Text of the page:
LHS Home > Family Health > Sugar Sleuths
Explorations for Parents and their Children
|Americans today eat thirty times more sugar than our ancestors
did 200 years ago! Work with your children to investigate your family's sugar consumption
habits. Develop a plan for reducing sugar in your diet.
4 grams = 1 teaspoon sugar
1 gram of sugar = 4 calories
You Will Need
- measuring teaspoon
- variety of cereals, beverages, and snacks
- several plastic zipper-locking bags
- about one cup of white granulated sugar
- "Less Sugar Please!" data sheet
|Where's the sugar?
Comparing the Amounts of Sugar
- Select several products that you commonly eat and compare
the grams of sugar per serving listed on the nutrition labels.
- Identify the product that is highest in sugar and the one
that is lowest in sugar. Arrange them in order of the most sugar to the least sugar.
- Record your findings on the "Less Sugar Please!"
- Use a measuring teaspoon to measure a quantity of sugar
equal to the amount of grams in one serving of the product with the greatest amount
Don't forget . . .
If you and your children commonly use syrup or jelly with an item, be sure to
add this extra source of sugar by estimating the number
of teaspoons used.
Talking about your Findings
- Families report that measuring the teaspoons of sugar in
a product gives them a good picture of the amount of sugar and stimulates discussion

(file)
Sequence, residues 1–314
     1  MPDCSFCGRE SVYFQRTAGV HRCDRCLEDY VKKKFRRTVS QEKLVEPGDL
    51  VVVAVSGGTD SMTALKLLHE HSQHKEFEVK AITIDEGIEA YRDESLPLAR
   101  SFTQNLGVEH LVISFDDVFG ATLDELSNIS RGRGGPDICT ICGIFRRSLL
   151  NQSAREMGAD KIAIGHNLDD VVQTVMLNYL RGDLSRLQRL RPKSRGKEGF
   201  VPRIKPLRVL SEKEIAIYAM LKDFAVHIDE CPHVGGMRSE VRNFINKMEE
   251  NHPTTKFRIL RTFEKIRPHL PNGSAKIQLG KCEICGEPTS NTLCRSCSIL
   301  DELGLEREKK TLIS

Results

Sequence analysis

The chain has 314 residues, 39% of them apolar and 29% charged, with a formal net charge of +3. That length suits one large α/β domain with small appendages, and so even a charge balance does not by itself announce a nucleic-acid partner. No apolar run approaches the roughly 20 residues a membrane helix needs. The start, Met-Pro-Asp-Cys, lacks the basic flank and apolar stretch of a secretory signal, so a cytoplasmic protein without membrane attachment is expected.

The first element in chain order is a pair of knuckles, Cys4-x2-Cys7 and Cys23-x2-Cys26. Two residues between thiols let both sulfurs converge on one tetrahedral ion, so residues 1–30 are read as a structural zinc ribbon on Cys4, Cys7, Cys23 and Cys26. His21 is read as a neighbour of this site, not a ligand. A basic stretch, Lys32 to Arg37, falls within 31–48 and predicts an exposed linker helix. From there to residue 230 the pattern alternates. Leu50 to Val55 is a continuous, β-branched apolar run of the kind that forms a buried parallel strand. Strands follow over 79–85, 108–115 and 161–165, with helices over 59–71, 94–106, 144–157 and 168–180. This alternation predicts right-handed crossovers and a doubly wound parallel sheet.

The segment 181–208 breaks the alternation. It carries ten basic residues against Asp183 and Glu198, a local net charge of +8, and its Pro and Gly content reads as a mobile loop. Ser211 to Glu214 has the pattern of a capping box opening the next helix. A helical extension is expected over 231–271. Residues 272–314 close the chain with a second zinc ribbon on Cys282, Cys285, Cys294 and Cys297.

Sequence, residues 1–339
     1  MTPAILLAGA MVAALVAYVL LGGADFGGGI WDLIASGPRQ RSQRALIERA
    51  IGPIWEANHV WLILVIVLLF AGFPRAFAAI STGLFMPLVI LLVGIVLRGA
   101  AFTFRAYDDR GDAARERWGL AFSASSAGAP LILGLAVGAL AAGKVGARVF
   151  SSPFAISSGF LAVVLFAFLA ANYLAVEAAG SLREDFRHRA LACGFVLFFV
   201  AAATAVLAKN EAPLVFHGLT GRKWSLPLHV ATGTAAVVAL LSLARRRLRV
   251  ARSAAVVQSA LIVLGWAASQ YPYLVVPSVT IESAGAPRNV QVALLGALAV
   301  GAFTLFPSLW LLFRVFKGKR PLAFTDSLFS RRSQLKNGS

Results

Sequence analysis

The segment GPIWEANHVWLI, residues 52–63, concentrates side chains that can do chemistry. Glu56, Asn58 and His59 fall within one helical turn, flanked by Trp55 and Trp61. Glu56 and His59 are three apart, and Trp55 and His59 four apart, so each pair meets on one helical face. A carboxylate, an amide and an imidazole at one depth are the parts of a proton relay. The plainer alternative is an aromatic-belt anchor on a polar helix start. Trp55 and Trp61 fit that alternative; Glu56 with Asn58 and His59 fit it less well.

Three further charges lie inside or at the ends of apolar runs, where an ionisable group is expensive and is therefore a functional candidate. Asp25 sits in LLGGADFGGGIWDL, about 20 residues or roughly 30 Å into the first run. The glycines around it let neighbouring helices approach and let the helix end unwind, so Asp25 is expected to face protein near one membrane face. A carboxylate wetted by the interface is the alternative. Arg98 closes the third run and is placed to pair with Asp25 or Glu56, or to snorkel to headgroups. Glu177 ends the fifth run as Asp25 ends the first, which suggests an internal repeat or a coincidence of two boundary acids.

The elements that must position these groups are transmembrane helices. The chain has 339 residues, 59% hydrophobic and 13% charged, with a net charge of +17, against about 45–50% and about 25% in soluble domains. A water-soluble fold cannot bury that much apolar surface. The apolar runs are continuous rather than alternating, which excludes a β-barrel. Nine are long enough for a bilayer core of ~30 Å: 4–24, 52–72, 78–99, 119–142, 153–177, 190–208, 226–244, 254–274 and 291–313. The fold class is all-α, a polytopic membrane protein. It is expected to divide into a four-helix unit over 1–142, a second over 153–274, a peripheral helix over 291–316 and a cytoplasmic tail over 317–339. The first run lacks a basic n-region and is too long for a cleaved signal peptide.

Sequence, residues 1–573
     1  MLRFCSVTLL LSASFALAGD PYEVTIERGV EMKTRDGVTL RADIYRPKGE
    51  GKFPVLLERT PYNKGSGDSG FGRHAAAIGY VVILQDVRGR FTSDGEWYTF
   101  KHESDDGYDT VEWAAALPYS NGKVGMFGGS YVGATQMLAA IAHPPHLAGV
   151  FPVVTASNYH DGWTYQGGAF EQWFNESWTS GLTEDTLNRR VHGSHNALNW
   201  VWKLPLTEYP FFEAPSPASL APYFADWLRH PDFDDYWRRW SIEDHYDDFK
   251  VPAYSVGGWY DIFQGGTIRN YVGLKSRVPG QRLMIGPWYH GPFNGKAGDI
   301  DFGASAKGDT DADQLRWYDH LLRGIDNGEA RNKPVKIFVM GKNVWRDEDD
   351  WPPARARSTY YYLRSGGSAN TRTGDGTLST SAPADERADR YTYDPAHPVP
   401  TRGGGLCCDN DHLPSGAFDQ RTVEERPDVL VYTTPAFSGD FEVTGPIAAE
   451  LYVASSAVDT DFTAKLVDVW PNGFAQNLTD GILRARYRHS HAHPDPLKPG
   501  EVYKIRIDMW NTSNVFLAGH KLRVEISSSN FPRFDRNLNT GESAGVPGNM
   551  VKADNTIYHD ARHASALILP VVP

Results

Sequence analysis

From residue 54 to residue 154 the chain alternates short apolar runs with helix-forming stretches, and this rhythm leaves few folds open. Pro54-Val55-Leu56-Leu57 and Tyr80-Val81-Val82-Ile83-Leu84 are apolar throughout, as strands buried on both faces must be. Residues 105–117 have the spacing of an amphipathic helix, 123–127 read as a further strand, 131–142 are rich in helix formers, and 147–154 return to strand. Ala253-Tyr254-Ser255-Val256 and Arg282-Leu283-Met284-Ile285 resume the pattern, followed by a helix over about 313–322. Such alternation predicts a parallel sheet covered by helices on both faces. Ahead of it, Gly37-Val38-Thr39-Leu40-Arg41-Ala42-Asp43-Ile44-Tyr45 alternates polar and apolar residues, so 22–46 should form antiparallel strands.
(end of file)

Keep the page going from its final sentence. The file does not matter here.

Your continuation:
about product choices.
- Talk about ways to reduce the amount of sugar at meals.
- Make a list of your children's ideas. Help them develop
a plan for cutting back on sugar consumption.
Some youngsters have suggested keeping their favorite high sugar cereal but eating
it fewer times a week. Children also suggest trying out cereals that contain less
- Give your children the challenge of finding products with
- Encourage them to practice their math skills by comparing
prices as well as grams of sugar.
- Congratulate your children when they make a healthier choice.
Be a role model...
Children will be more willing to try low-sugar foods when their parents do so as
Show your children that you enjoy low-sugar foods. (Fresh fruit makes a healthy and
delicious compliment to low-sugar cereal!)
|More About Sugar
Sugar tastes great and your body
needs a constant supply, so why worry about high sugar foods? The issue is often
one of moderation. High sugar consumption is linked to tooth decay and obesity. Many
high sugar foods lack other nutrients that are essential for proper growth and development.
Nutritionists are recommending that we greatly reduce our consumption of processed
sugar to less than 10% of our diet. According to the US Department of Agriculture,
people consuming 2,000 calories a day should eat no more than about 10 teaspoons
of refined sugar/day. That's 40 grams or one soda!
Less Sugar Please! data sheet.